‘Pyro Pete’ Talks Romania
Pyro Pete is one of the best-known pyro experts for concert tours and we asked for his take on the tragedy in Romania. Currently, 31 people have been pronounced dead from a nightclub fire that sounds eerily familiar.
The reports say the device used was one you’d put on top of a birthday cake.
There’s a device in the U.S. called a Dream Star. It’s flash paper that’s crushed up, which is nitrocellulose-based, and a little bit of either titanium or aluminum. I don’t know but it’s probably aluminum because titanium is really hot, and burns gold, and aluminum is silver and doesn’t burn as hot. You put them on birthday cakes.
We use them here in Las Vegas for bottle service. They put them on the VIP orders for bottles of champagne. There’s a little plastic clip where you attach the Dream Star to the bottle. I’ve trained 12 bartenders in town on it. We have this agreement with the fire department where if this bar wants to do this service, or on cakes for high rollers and stuff like that, somebody with a pyro license has to go in and train the manager and the bartenders that are going to do it. Only that manager and those bartenders are allowed to do it. There’s a whole procedure: they have to learn the safety aspect, they have to have a whole procession when they bring the device out. They need to have someone standing by with a fire extinguisher and there are only certain areas where they can do it. You can do anything you want if it’s done correctly.
The report we have says that the pyro hit a wooden pillar from four meters away and a cigarette could have just as easily triggered the fire.
Right! It’s the same exact problem as Rhode Island, where they put up some foam for sound deadening that was not structural-rated, which means it wasn’t fireproof. It was the foam that would go inside of a road case but it looked and acted as the same foam you’d use for sound-deadening but much cheaper. It’s the same thing with this pillar. When we build a stage prop it may be made out of Styrofoam but it needs to be encapsulated, which means the outside of it is completely sprayed and encapsulated with something that can fireproof it, whether it’s rubber or plastic or whatever. Bar props are encapsulated foam and it costs more.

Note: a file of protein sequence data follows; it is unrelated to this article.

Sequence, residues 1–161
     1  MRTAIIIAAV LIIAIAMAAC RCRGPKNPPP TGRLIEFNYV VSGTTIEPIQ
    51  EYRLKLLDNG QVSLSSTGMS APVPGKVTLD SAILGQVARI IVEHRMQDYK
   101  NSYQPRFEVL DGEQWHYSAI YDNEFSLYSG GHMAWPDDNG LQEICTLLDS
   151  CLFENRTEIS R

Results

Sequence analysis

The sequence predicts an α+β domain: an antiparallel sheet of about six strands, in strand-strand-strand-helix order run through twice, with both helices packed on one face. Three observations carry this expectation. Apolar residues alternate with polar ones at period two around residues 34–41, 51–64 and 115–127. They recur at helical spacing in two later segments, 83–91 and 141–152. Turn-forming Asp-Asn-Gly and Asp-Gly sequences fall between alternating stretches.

Will fire marshals here in the U.S. shut down indoor pyro?
Fire departments and inspectors will look at it and hope that it’s a learning experience for Romania. They’ll say, “We’ve learned these lessons. We’ve been through this curve already.”
The problem is when you get somebody who was hurt and somebody in their family, and a lawyer connected to them, says, “This is horrible; we need to stop this practice.” Then there will be petitions to stop indoor pyro because it’s not safe. No, no, no! It is very safe. They broke 10 laws in order to make this accident happen.
The same thing in Rhode Island and the one in South America a few ago (The Kiss nightclub in Santa Maria, Brazil, where a fire killed 242 and injured 630 in 2013). It made it much harder to get permits and they made it harder than it should have been – but it brought it up to standard. Now it’s as hard to get a permit in South America as it is in Boston, New York, Las Vegas or any other major American city. In the past, you could go into South America with guns blazing and get away with whatever you could. In a lot of these European countries now it’s the same kind of thing – you just try and go in and get away with as much as you can until something horrible happens and then they start taking notice.
In Rhode Island, they had to break 20 different laws to make that tragedy happen. And not just pyro laws. In Romania, the pyro was the catalyst, but a cigarette or a flaming drink could have set the pillar on fire. I’m sure it will start coming out the club was over-capacity, that the emergency exits were inadequate.
The photos from the event look hauntingly familiar.
Yes, it’s almost exactly the same as Rhode Island. It was a gerb fountain effect being placed near the wrong type of foam. Again, though, we have the layers. Yes, the pyro shouldn’t have been there. There should have been a fire extinguisher, and someone who knew how to use it. And I deal with aerial pyro, which can have tragic consequences, plus there’s consumer pyro that you can still kill yourself with, and I can’t even look at the photos of Rhode Island anymore. I did consulting after Rhode Island and, when I close my eyes, I still see the two-foot flame and nobody noticing it. That’s what gets me the most. It could have been different right there.
I think this will have a ripple-effect and it has to do with insurance. When Rhode Island happened, I was 3,000 miles away, driving home from another show, and the next morning my insurance doubled. Our insurance in South America has now doubled. So I bet when we go to Europe next February with Black Sabbath, and we go back to Europe with AC/DC, guess what just went up? My insurance.